Diapers and milk
Grabbing headlines was the policy shift allowing couples to have two children if either parent is an only child, easing the rule which required that of both parents.
The relaxation could boost Chinese demand for diapers, infant milk powder and other baby-related sectors, according to Summer Wang, an analyst at Bank of Communications. The one-child policy has left China with an aging population and a shrinking pool of young workers.
Of China's 1.36-billion population, 17.1% are aged below 15, compared with India's 28.5%, Brazil's 25.4% and Russia's 15.9%, according to data compiled by Bloomberg.
Shares of infant-formula sellers, milk processors and other baby-product makers surged yesterday. Diaper maker Hengan International Group rose 6.5% to a record in Hong Kong before declining today. Stroller and crib maker Goodbaby International Holdings, China Mengniu Dairy, China Modern Dairy Holdings and Yashili International Holdings had also climbed in yesterday's trading.
Nestlé?, the world's biggest food maker, said Greater China is its fourth-largest market with annual sales of about 5.2-billion francs ($5.7-billion). The Swiss company has no comment to make about the new policy or how it might affect its business, Chris Hogg, a spokesperson, said.
Mengniu will increase the ratio of infant formula in its product offering, the company said.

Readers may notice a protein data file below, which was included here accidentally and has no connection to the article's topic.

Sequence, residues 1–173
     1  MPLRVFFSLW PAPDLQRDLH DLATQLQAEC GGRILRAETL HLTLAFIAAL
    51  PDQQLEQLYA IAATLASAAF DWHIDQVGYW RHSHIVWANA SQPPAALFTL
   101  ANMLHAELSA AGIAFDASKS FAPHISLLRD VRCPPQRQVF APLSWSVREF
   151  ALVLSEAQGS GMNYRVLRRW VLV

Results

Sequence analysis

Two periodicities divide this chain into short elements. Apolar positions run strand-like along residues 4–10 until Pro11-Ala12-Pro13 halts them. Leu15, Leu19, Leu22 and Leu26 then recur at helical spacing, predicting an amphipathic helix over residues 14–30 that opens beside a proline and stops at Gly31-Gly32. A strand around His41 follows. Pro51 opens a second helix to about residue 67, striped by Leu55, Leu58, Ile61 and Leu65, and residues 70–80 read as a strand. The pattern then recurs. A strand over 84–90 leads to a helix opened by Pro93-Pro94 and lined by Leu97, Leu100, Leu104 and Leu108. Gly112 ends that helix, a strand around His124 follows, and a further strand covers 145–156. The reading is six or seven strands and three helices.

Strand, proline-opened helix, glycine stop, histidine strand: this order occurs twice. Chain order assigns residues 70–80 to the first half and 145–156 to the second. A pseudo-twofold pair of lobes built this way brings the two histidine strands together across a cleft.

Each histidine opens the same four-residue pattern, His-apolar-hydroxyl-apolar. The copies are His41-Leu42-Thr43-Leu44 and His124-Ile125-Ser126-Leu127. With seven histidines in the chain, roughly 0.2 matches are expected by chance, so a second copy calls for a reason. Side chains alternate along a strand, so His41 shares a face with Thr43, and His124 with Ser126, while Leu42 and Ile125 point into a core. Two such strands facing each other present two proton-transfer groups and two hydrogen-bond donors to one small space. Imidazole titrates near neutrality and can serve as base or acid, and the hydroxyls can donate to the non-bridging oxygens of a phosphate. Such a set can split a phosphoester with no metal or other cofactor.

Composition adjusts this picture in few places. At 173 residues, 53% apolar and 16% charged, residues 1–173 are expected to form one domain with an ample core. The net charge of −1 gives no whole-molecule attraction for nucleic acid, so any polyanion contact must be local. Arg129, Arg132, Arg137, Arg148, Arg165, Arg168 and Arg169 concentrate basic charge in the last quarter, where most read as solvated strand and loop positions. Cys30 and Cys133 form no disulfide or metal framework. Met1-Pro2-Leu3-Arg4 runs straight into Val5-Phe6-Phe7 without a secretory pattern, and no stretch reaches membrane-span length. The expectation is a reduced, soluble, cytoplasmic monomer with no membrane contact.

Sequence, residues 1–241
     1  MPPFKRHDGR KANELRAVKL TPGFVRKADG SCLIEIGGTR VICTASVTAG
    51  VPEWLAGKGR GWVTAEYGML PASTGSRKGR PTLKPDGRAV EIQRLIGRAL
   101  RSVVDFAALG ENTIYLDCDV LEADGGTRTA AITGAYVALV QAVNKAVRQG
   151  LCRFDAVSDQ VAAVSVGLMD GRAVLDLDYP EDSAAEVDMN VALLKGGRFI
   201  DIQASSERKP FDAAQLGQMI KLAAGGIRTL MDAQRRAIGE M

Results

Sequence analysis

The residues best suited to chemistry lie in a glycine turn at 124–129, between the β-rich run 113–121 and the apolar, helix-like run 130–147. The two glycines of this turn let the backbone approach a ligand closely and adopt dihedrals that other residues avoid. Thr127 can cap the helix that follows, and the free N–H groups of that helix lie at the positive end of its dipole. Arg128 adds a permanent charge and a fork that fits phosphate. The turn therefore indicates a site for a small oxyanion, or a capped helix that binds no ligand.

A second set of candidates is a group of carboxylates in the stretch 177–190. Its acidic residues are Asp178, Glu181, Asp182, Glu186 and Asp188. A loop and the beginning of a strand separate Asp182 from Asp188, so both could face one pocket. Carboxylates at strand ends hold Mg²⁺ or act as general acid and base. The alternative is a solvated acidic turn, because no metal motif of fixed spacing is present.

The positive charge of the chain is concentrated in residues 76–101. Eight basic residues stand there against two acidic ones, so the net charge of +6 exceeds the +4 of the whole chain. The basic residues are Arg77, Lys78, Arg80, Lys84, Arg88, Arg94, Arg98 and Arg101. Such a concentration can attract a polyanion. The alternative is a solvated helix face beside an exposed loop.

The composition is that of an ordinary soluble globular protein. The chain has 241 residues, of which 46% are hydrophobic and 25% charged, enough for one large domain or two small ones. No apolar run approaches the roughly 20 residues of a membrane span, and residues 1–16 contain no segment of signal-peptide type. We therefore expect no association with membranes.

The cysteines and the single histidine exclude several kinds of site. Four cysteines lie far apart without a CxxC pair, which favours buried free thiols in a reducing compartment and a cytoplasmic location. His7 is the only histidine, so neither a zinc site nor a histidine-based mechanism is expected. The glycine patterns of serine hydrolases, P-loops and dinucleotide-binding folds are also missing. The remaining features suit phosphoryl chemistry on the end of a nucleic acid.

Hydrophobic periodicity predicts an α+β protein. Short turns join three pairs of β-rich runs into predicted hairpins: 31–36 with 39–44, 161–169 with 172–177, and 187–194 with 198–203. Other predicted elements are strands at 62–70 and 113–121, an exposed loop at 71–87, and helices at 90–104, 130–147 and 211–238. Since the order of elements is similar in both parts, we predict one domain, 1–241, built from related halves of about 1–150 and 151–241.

The impact on demand may be seen only in 2015, and a study by the China Academy of Social Sciences implies the policy should add about one-million babies by then, Jessie Guo, a Hong Kong-based analyst at Jefferies, said by phone.
"If you have two kids, you are definitely more likely to have a car than if you have one," said Shen Minggao, head of China research at Citigroup in Hong Kong. Makers of appliances, clothing and shoes will also benefit as the new rules will boost rural income, Shen said.
US companies have been increasing their investments in the country. GM has committed this year to spend $11-billion in China by 2016 on new plants, products and people. Through joint ventures, the Detroit-based carmaker sold 2.84-million vehicles in the country last year and to sell five-million by 2015.
Mondelez International, the maker of Oreo cookies and Ritz crackers, is expanding a plant in Suzhou, one of eight manufacturing facilities in the country.
"We continue to invest in China to expand our routes to market, sales capabilities and innovation," said Michael Mitchell, a spokesperson for the Deerfield, Illinois-based company, declining to comment on China's new policies. "We remain optimistic about the future of China."